|Publication number||US7728785 B2|
|Application number||US 11/350,155|
|Publication date||Jun 1, 2010|
|Filing date||Feb 7, 2006|
|Priority date||Feb 7, 2006|
|Also published as||US20070182658|
|Publication number||11350155, 350155, US 7728785 B2, US 7728785B2, US-B2-7728785, US7728785 B2, US7728785B2|
|Original Assignee||Nokia Corporation|
|Export Citation||BiBTeX, EndNote, RefMan|
|Patent Citations (32), Non-Patent Citations (1), Referenced by (25), Classifications (20), Legal Events (4)|
|External Links: USPTO, USPTO Assignment, Espacenet|
The invention relates to antenna systems, and more particularly to loop antennas that can be used for example in personal mobile communication devices e.g. in a cellular mobile phone.
Important technical properties of an antenna structure are physical size and radiation efficiency. For example, an antenna of a cellular mobile phone is nowadays usually located inside the cover of the phone device. Especially in folding mobile phones, e.g. in a clamshell type phone, the thickness of the antenna structure is an important quantity. This is due to the fact that a phone device should be thin enough also in a folded state. Another important issue is the radiation efficiency. The radiation efficiency means the ratio of the power supplied to an antenna to the power radiated by the antenna. Small radiation efficiency means increased power consumption when a desired level of radiated power is generated. The power consumption is a crucial issue especially in battery-energized devices like cellular mobile phones. In today's mobile phones an antenna may have to operate at several frequency bands. The frequency bands may be for example: 900 MHz GSM band, 1800 MHz band DCS (Digital Communication Service), and 1900 MHz PCS (Personal Communication Service) band. The radiated efficiency has to be good enough over all the frequency bands at which an antenna operates. Furthermore, it is advantageous if the radiating efficiency of an antenna at a desired frequency band is insensitive to existence of electrically conductive materials in the vicinity. For example in a folding phone application electromagnetic properties of the near-surroundings of an antenna depend in some extent on opening position of a phone mechanics.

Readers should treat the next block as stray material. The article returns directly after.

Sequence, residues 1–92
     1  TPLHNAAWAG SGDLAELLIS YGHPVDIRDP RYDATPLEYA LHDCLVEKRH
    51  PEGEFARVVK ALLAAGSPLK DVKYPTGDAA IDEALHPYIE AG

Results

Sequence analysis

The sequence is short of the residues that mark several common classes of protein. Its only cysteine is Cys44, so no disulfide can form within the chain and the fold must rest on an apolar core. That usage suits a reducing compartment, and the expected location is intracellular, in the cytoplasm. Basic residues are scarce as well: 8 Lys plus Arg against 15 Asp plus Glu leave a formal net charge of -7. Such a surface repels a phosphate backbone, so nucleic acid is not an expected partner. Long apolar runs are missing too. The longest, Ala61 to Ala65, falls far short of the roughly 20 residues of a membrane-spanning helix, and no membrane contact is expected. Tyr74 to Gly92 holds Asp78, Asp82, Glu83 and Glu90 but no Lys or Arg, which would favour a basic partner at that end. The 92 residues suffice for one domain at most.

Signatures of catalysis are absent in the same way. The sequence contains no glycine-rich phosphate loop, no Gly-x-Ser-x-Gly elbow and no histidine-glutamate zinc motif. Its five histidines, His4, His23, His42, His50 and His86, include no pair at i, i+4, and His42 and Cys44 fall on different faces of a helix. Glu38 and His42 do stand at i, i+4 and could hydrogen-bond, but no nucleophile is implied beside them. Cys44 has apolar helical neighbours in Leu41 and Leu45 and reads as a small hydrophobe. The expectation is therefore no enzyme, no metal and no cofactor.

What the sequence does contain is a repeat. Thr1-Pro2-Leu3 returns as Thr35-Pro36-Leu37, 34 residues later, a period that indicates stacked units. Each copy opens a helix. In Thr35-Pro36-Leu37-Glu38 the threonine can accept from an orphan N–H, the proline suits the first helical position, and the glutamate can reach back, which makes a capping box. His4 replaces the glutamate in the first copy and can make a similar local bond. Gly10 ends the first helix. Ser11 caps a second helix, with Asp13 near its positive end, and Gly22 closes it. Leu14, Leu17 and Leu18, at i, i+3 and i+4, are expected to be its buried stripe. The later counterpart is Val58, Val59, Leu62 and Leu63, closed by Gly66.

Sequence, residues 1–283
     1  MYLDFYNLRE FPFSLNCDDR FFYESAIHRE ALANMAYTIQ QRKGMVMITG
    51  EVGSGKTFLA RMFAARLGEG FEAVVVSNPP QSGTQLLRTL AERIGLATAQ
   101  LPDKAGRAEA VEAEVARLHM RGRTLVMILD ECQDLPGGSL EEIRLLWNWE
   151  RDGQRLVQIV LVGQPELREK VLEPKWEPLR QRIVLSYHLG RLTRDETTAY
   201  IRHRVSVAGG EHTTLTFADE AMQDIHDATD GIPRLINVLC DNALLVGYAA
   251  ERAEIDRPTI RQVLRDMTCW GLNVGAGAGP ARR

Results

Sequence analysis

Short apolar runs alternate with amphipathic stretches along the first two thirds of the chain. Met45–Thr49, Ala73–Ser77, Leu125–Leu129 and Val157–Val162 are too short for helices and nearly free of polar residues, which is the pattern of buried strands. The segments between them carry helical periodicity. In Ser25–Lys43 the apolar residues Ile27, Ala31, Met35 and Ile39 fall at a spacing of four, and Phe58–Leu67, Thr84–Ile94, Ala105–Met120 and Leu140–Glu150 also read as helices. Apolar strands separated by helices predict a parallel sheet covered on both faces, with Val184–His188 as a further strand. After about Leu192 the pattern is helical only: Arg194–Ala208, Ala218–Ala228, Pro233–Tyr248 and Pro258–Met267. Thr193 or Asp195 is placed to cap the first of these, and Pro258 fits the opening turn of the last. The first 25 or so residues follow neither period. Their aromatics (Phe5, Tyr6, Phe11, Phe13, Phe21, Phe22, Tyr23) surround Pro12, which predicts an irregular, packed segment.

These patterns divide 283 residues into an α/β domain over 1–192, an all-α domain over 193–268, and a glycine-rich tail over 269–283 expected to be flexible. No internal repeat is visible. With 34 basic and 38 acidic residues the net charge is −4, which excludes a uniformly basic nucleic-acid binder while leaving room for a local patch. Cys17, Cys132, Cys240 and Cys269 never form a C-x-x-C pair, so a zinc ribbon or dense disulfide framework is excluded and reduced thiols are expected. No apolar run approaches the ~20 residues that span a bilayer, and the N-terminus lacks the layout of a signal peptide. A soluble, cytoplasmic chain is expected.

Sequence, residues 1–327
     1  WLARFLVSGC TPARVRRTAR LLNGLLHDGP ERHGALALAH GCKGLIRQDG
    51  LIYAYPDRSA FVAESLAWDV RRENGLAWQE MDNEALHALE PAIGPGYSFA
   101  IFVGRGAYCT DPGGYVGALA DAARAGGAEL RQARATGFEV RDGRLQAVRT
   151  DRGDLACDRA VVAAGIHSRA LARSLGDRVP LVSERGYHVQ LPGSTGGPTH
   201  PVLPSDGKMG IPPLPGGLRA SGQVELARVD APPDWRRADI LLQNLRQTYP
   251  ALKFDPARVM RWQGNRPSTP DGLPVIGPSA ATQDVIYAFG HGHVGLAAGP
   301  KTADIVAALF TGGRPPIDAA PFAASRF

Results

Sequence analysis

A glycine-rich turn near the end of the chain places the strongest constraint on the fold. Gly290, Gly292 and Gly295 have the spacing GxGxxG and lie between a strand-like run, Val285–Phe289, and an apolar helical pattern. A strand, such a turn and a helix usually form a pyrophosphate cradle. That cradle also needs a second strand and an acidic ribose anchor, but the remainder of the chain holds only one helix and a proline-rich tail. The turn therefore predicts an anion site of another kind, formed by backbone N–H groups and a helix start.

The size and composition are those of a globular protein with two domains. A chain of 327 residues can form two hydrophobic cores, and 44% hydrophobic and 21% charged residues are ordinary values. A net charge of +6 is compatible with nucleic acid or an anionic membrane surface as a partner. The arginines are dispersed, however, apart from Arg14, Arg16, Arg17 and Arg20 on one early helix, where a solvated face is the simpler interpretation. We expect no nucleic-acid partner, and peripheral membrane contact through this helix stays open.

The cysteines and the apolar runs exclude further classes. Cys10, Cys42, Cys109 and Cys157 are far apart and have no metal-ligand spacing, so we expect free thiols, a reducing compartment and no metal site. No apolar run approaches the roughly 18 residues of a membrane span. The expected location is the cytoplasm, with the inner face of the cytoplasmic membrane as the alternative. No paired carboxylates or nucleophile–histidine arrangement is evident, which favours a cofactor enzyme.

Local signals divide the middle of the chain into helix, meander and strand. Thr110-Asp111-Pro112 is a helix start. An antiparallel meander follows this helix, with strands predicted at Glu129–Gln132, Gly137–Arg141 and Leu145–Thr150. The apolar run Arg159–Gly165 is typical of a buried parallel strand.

A conventional antenna structure is a microstrip antenna comprising a ground plane and a radiator isolated therefrom by a layer of insulating material. The radio frequency signal, hereinafter RF-signal, is fed or taken between the radiator and the ground plane in a case of transmitting or receiving, respectively. A microstrip antenna provides usable radiation properties when operating at resonance frequencies of a system comprising the radiator and the ground plane. A planar inverted F-antenna, hereinafter PIFA, is shown in
A further development of a basic PIFA-structure is described in a reference publication by Virga and Rahmat-Samii, 1997: Low-Profile Enhanced-Bandwidth PIFA Antennas for Wireless Communication Packaging, in IEEE Transactions on Microwave Theory and Techniques, vol. 45 No 10, October, pages 1879-1888. A solution presented in the reference publication is shown in
A loop antenna is a resonator system in which inductances of the loop and external capacitors or/and parasitic capacitances of the loop make it resonate at a desired frequency. A conventional loop antenna structure that can be used within a cellular mobile phone is shown in
One prior-art technique is to use one or more helix or rod antennas to cover the appropriate frequency bands. However, helix and rod antenna constructions are difficult to realize inside a housing of a mobile communication device like today's mobile phone.
In the view of various inherent limitations of antennas according to prior art, it would be desirable to avoid or mitigate these and other problems associated with prior art.